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INTRODUCTION Argentinian tango and Brazilian samba may have provided strong competition, but it’s the sounds of Cuba that have dominated the Latin music world throughout the twentieth century and seem set to continue to do so well into the twenty-first.
Cuban music has proved influential in two distinct ways. The great richness of traditional forms still preserved on the island continues to fascinate new generations – witness the Buena Vista Social Club phenomenon. At the same time, much pan-Latin dance music, notably salsa, has developed from Cuban music more than any other ingredient.
The Rough Guide to Cuban Music describes the full range of this thriving musical melee, from its historic origins to its very latest hit manifestations in Havana, Miami, Paris and London. Each chapter highlights a particular aspect of the story – son, trova, boleros, etc – and culminates in a series of profiles of the most significant performers and the pick of their available recordings.
The primary aim in writing this book was to focus on popular music of a Cuban style played by artists of Cuban origin. Thus, purely classical or totally folkloric musics are described only to the extent to which they overlap with popular styles, or when they have exercised a traceable influence on the development of popular musics: Ernesto Lecuona, for example, features quite prominently as his work comprised both classical and popular. In the area of traditional music, the range of African-origin percussion is sketched in concisely as background, but the emphasis is on its wider popular developments, like rumba.
Limitations of space have meant the exclusion of some performers, while occasionally a relatively minor artist has been profiled, in order not to neglect a noteworthy but peripheral style or trend. Comments, favourable or otherwise, will be gratefully received and may well influence future editions – if Cuban musical and political development continues as dynamically as it has for the last decade, a new and fascinating chapter is even now in the making.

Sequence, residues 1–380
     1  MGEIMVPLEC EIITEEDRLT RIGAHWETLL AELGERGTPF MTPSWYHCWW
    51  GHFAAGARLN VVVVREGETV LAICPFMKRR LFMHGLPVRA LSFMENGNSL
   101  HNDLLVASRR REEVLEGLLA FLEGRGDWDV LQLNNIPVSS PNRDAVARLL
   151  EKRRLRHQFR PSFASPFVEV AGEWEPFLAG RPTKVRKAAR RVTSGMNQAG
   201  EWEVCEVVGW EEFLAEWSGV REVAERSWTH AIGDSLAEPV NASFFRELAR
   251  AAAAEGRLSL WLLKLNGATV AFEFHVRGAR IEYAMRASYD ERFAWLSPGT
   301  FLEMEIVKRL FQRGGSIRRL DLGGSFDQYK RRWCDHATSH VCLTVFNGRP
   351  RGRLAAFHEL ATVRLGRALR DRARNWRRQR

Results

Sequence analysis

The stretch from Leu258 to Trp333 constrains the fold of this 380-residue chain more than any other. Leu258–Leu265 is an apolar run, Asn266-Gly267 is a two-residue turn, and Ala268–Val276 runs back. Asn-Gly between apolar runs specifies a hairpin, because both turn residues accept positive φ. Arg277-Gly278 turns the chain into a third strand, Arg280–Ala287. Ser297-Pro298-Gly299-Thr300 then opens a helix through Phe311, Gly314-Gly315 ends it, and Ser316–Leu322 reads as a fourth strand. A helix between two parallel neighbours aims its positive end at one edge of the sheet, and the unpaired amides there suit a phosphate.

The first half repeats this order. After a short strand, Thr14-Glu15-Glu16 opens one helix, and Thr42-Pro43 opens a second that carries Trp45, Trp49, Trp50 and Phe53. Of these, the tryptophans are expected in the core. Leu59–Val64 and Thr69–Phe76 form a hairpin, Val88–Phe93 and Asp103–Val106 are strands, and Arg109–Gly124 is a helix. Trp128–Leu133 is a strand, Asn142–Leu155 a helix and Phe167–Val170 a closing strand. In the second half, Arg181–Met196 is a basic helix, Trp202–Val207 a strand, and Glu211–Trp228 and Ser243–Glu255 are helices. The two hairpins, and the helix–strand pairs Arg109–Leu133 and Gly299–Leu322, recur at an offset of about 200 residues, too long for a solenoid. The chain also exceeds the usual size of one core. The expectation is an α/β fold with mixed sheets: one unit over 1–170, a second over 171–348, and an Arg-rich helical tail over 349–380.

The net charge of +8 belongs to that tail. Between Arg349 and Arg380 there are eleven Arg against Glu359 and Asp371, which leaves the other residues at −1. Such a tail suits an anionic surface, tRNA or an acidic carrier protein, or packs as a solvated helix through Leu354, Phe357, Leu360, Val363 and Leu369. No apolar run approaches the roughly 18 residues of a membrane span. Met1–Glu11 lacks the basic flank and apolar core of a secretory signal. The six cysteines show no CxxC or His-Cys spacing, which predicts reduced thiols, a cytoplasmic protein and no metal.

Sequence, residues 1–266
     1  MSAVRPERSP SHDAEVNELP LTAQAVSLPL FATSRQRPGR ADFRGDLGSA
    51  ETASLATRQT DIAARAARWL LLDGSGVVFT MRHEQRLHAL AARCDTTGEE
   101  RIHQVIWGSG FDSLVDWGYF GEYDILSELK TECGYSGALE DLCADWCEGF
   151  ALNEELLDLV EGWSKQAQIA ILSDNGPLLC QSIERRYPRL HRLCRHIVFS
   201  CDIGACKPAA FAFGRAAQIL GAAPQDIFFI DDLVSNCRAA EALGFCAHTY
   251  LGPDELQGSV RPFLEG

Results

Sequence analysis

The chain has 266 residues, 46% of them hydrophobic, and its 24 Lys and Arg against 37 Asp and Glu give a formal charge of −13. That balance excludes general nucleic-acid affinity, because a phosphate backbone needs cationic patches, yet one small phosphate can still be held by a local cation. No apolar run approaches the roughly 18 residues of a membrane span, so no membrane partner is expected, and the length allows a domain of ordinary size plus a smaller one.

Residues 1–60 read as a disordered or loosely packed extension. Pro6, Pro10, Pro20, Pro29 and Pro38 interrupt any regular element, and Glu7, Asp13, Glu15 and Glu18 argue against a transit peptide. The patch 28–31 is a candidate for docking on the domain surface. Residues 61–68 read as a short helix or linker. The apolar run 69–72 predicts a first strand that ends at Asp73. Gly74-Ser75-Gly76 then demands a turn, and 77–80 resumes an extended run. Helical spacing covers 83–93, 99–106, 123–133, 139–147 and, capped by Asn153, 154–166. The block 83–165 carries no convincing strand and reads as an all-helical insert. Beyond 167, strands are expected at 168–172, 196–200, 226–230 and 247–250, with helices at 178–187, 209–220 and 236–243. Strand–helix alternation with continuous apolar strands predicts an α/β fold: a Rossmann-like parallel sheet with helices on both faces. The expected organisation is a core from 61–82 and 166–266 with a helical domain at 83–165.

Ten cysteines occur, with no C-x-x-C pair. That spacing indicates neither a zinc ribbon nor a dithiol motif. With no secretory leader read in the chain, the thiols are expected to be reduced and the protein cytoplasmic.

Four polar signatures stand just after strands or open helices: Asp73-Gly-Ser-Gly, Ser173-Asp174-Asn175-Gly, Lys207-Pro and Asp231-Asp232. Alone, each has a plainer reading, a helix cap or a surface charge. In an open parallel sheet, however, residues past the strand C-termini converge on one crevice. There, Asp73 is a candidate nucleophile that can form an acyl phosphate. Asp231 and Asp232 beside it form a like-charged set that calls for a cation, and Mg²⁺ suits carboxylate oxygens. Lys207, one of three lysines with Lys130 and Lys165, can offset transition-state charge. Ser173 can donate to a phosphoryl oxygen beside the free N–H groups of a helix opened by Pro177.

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Cuba is home to some of the world's most vibrant popular music in the world, from son and rumba to salsa and chachacha. The Rough Guide to Cuban Music introduces the full range of Cuba's varied musical traditions and tells the story of their greatest performers, legends like Beny More, Celina Gonzalea alongside more recent stars such as Carlos Varela. Includes features on the origins and development of the various musical genres, a biographical directory of over 100 key artists, with dozens of photographs. Also draws up some critical discographies, recommending the pick of each artist's output.About the Author:
Phil Sweeney is a writer and broadcaster with a special interest in Latin American music. He is an experienced interviewer who has met with hundreds of the key players in the Cuban music scene.
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